The Truth about Trade
Dean is Chairman Emeritus of 'Truth About Trade & Technology, a nonprofit advocacy group led by a volunteer board of American farmers.
Editor's Note: We are saddened to hear of Dean Kleckner’s passing and extend our sympathies to his family and friends. The AgWeb staff is grateful to have had the chance to work with him.
No Herbicides & Pesticides – No problem: 70 Million “New” Jobs Created to Grow Our Food
May 01, 2014
By Tim Burrack: Arlington, Iowa
I’ve heard so many misguided, crazy comments about farming over the years that I’ve almost become immune to them. Does it make sense to try to correct every opinion of every ill-informed person?
Yet a recent online column by Deirdre Imus—wife of the radio shock-jock Don Imus—got it totally wrong and I couldn’t let it go unanswered. She declared war on crop-protection products: the fungicides, herbicides, and pesticides that guard our food from fungus, weeds, and bugs.
"Pesticides are used to protect crops from potentially destructive infestations," she wrote. "It would be great if there were something equally as powerful to protect humans from the potentially destructive effects of pesticides."
What we really need is something to defend us from the misinformed ideas of Deirdre Imus.
Crop protection products are one of agriculture’s greatest innovations, allowing us to grow more food than ever before. When applied properly, they are safe for both farmers and consumers. And if they were suddenly to disappear from the farmer’s tool box, we’d face a global famine.
That grim fact became clear during a recent presentation by Leonard P. Gianessi of CropLife Foundation. A world without pesticides, he said, immediately would suffer a 25-percent reduction in the planet’s three most fundamental crops: corn, rice, and wheat.
The good news for the United States is that we’d probably survive this blow. We’d make up for the losses by halting our exports.
Others wouldn’t fare so well. Consider Norway, a country with a short growing season in northern Europe. Right now, it imports about half its food. Even if these imports were cut off, its farmers probably could supply their fellow Norwegians with a basic diet—but only if they’re allowed to use pesticides, as they are now.
Without crop protection, however, the Norwegians would suffer mightily: About 20 percent of the population could not be fed.
In China, with its population of more than 1 billion people today, the problem would be much worse. Without pesticides, its rice harvests would drop by two-thirds and its wheat harvests by half. China would "undergo famine if pesticides were not used," warned a recent report from the Chinese Ministry of Agriculture.
In other words, crop protection products protect us not just from weeds and pests, but also from human catastrophe.
When I began to farm with my father and brother more than 50 years ago, we hoped to grow about 80 or 90 bushels of corn per acre—and that’s only if we fought the weeds with everything we had. I drove a row-crop cultivator across our fields, turning over the soil and hoping to cover about 20 acres on a good day.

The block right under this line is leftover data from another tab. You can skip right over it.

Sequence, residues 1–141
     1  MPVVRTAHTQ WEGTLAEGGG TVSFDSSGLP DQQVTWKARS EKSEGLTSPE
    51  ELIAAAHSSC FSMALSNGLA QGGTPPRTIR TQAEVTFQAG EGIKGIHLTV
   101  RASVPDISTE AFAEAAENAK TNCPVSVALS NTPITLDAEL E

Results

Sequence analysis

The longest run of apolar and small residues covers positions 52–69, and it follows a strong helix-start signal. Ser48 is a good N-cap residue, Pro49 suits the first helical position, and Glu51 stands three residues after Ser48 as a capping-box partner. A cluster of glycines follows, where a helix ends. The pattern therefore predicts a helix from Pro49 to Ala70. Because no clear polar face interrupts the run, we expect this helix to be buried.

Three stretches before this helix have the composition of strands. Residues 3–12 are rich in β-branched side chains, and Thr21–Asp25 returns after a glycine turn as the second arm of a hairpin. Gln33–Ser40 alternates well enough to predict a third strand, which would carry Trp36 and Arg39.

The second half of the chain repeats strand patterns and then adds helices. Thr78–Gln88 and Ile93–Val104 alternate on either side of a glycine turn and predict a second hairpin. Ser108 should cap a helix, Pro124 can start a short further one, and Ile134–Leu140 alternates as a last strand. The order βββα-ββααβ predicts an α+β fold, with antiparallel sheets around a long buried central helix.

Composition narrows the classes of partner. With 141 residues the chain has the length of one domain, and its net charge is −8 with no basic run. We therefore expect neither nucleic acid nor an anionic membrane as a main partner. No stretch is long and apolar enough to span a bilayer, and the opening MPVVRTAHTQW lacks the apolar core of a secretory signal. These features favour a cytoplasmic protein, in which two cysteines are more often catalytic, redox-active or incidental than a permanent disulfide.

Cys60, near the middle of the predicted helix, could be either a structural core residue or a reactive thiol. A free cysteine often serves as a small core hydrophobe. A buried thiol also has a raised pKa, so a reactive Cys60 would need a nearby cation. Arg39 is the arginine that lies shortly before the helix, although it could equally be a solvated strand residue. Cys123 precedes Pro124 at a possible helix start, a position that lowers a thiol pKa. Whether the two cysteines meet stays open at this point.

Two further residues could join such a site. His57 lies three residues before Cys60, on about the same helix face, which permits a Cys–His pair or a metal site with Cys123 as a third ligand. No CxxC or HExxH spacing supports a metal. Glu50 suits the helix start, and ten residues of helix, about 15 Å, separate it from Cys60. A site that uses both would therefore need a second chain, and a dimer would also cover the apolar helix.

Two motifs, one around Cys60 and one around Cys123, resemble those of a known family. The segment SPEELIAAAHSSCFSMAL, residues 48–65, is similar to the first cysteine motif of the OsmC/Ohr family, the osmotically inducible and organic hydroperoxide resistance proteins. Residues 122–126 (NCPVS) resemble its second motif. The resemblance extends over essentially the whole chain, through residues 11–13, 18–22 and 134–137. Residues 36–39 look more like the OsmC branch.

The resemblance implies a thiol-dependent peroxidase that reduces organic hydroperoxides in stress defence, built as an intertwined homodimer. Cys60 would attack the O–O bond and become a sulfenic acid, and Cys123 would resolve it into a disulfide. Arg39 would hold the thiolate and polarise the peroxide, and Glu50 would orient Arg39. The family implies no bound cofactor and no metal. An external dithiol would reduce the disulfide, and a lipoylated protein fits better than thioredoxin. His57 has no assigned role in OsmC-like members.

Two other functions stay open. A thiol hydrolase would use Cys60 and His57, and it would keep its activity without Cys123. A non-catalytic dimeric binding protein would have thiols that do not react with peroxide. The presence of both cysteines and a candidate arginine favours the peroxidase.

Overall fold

On a lousy day, I’d cover much less ground, getting stuck in thistle patches and stopping constantly to dig out clumps of grass. It was miserable work—especially when the weather was hot and the bugs were bad—but it also represented our best hope to defeat the weeds that wanted to choke the life from our crops. We were organic farmers.
Today, we expect to grow 200 bushels of corn per acre, largely due to advances in crop protection. I still have a cultivator, but it’s been sitting in my shed, untouched for more than two decades.
Farmers need more crop protection, not less. I’m looking forward to a new generation of products that are even more effective than the ones we use now. I also hope that Africa takes up the technology, so it can meet its potential as a farming continent.
So what would be gained if pesticides and herbicides were to vanish from the United States, says Gianessi? Jobs. Only one thing could prevent massive yield losses: 70 million of us would have to take to the fields, squatting down on our hands and knees to uproot weeds. We’d have to turn our farms into the equivalent of gigantic community gardens.
The hours would be long, the work hard, and the pay poor. Something tells me that Deirdre Imus would not like this kind of labor. Nor would I. I’ll keep the good stuff and we’ll all enjoy the benefits.
Tim Burrack raises corn, soybeans and pork on a NE Iowa family farm. He serves as Vice-Chairman and volunteers as a Board Member of Truth About Trade and Technology (www.truthabouttrade.org).
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